I am trying to understand how to design a substation grounding system and fault current is something I am not getting. For example, for a small substation with some transformers, if there is a fault in the system how will the fault current flow into the grounding system? If the system has 50 kA total connected load what will be the fault current? And how would I calculate what percentage of the fault current will flow into the ground?
Thank you for your question. It is our pleasure to be of assistance.
An important concept to remember about transformers is that a transformer is actually “two halves of two circuits”.
For example, let say you have a 11kV-433V, 3-phase, 500kVA transformer. Somewhere located many kilometers away, you would find the source transformer that is sending you the 11kV power, yes? So if the primary side of your transformer faults, the fault current must go back to its source in order to clear the fault, no matter where on the planet that source is located.
In a common household or industrial electrical system, we are not allowed to use the earth/soil as a fault current path (with the exception of TT Systems, where we can prove less than 200 ohms on the Zs test). Note: TT Systems can be dangerous and are actually banned in NEC-based countries.
However, at the level of the electrical provider, substations are allowed to use the earth as a conductor. So, if the primary side of your 11kV-433V transformer were to fault, the fault current would enter your substation’s protective earthing system, travel through the earth/soil many kilometers to wherever the source transformer is located, and up that transformers protective earthing system. It would then travel through the earthed center-tap, causing a massive increase in current through the windings, where the circuit breaker would sense the increase and turn off the circuit.
If there was a protective earth wire stretched from the substation (and sometimes there is), much of the current will travel through that wire(s), instead of through the earth/soil. This is important to understand because the protective earthing systems have a resistance-to-earth that allows hazardous voltages to form. These voltages that form during electrical faults can injure and even kill persons working in or near the substation. Hazardous Step & Touch Voltages can form on fences, door frames, chassis of electrical components, and other normally-non-current-carrying metallic objects.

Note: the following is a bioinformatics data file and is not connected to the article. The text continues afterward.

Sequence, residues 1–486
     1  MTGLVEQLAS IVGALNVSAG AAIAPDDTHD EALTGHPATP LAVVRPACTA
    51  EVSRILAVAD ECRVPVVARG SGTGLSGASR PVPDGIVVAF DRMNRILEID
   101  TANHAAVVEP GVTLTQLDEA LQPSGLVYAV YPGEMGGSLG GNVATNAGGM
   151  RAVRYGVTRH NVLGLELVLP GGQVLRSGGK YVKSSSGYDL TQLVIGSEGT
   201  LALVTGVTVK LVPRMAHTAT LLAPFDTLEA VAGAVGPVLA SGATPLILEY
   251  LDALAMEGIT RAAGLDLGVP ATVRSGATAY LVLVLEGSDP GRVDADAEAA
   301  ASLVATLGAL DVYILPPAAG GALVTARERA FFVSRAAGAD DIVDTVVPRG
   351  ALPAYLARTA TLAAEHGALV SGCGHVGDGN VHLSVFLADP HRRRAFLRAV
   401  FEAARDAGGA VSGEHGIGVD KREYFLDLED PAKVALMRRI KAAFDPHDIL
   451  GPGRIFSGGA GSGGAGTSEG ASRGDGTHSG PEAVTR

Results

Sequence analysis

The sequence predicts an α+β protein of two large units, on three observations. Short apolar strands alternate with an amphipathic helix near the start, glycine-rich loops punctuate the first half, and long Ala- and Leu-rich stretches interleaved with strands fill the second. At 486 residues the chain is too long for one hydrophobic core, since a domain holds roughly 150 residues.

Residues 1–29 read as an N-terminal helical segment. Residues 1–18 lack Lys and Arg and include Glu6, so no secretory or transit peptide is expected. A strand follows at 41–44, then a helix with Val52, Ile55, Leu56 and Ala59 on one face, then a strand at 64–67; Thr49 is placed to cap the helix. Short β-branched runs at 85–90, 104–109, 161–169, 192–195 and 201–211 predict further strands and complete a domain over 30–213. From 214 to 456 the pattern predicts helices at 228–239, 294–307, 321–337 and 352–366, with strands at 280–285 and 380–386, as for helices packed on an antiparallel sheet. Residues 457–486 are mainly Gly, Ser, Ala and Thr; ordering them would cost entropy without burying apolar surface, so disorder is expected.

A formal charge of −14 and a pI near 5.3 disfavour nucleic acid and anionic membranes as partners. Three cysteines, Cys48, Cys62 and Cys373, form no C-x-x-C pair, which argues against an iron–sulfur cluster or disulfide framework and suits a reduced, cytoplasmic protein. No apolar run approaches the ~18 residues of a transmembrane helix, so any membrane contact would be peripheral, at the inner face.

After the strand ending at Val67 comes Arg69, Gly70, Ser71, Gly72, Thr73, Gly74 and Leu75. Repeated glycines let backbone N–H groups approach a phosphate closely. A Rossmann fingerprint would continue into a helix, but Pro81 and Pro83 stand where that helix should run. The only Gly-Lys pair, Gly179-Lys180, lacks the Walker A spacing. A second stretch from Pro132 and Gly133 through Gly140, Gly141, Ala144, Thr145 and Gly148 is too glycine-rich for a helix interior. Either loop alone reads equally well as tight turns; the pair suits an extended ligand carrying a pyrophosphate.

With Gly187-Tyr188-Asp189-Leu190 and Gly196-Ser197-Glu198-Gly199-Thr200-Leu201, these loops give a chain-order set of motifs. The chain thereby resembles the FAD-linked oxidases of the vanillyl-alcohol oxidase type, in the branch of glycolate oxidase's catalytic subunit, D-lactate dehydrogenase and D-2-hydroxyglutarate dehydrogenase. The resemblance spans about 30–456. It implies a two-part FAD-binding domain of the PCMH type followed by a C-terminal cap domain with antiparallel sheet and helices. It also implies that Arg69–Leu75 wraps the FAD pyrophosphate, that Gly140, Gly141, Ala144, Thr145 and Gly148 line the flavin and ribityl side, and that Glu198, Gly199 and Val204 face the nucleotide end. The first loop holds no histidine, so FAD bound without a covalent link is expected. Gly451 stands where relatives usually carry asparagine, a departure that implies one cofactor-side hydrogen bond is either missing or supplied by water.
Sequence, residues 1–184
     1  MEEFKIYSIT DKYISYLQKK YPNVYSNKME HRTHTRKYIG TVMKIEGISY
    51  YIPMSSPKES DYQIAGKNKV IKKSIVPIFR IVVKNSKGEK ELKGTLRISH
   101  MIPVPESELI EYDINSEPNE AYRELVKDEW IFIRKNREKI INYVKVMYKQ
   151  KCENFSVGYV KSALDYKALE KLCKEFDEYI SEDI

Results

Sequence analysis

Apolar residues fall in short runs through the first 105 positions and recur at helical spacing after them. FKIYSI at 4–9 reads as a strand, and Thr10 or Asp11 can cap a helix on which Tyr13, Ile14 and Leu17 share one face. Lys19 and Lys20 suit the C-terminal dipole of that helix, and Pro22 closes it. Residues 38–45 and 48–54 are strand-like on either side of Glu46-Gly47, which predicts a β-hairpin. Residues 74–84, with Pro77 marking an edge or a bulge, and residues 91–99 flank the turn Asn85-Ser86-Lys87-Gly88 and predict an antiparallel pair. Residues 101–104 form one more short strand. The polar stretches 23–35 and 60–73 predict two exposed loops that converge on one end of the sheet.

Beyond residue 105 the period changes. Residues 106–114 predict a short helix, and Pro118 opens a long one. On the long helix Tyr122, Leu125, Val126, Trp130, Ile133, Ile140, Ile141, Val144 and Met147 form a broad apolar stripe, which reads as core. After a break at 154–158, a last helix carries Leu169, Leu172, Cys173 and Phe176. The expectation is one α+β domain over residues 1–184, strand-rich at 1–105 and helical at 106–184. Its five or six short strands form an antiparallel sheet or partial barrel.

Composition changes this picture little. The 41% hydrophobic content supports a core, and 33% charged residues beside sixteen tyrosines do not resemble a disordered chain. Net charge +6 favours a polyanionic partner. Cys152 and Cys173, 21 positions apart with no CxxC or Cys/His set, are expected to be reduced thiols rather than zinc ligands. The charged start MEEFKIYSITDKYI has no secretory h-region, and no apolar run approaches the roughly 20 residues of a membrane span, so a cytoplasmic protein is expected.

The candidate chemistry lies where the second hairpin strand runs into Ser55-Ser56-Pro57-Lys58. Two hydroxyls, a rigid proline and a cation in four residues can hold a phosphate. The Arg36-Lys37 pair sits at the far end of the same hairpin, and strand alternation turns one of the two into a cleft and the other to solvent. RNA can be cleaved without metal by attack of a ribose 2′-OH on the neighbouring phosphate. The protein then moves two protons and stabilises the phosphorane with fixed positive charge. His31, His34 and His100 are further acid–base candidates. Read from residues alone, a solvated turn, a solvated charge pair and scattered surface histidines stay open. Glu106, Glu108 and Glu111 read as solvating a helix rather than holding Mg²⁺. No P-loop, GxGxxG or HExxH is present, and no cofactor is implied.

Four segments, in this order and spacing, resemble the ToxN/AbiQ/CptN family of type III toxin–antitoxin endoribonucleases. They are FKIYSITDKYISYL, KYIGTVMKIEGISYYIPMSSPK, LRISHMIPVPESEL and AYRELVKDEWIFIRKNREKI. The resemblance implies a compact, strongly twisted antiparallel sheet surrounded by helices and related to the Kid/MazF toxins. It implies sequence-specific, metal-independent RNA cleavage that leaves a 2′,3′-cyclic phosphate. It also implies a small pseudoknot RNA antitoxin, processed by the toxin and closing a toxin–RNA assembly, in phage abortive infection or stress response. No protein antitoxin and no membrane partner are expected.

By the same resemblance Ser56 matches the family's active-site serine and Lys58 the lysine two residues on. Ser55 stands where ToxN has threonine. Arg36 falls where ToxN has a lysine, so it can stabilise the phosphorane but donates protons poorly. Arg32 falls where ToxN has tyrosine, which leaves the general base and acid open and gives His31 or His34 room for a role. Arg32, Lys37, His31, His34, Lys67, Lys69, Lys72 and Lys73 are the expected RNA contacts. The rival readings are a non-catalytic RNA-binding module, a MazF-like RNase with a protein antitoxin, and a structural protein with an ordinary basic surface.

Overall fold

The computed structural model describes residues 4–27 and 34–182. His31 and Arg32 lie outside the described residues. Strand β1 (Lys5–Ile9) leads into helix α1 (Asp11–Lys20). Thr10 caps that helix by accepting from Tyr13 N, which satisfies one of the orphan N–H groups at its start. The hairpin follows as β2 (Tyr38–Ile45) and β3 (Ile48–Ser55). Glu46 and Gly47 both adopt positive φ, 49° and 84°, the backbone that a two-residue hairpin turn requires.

Careful studies of the step and touch voltage hazards at substations are mandated under IEC 60050-195 (IEEE Std. 80 in NEC countries). Human safety at these substations is typically governed carefully, as the public outside of the facility can be injured during electrical faults. Persons touching the outside of the substation’s fence, or even simply walking in proximity to the substation can, and have been, killed due to these electrical hazards. Step voltages, in particular, can stretch out many hundreds of meters across the surface of the earth in certain scenarios. Sophisticated software and 3-D computer models have long been the industry norm for calculating and mitigating these risks to the public. We use the CDEGS engineering software from SES Technologies.
The amount of fault current that will be generated at your transformer and the amount of current that will enter the protective earthing system requires very careful calculations. Hand calculations are rarely accepted by authorities these days. Careful computer models are needed to get an accurate understanding of the fault scenario at your substation. The type of transformer, the zero-sequence impedance, the impedance of the transformer, the circuit-breaker’s timing, the resistivity of the soil, the source bus, how long the lines are feeding your transformer, the type of material the wires are made of, and many additional factors go into such a calculation. Companies such as ETAP and SKM also offer software designed for such calculations.
We hope this helps!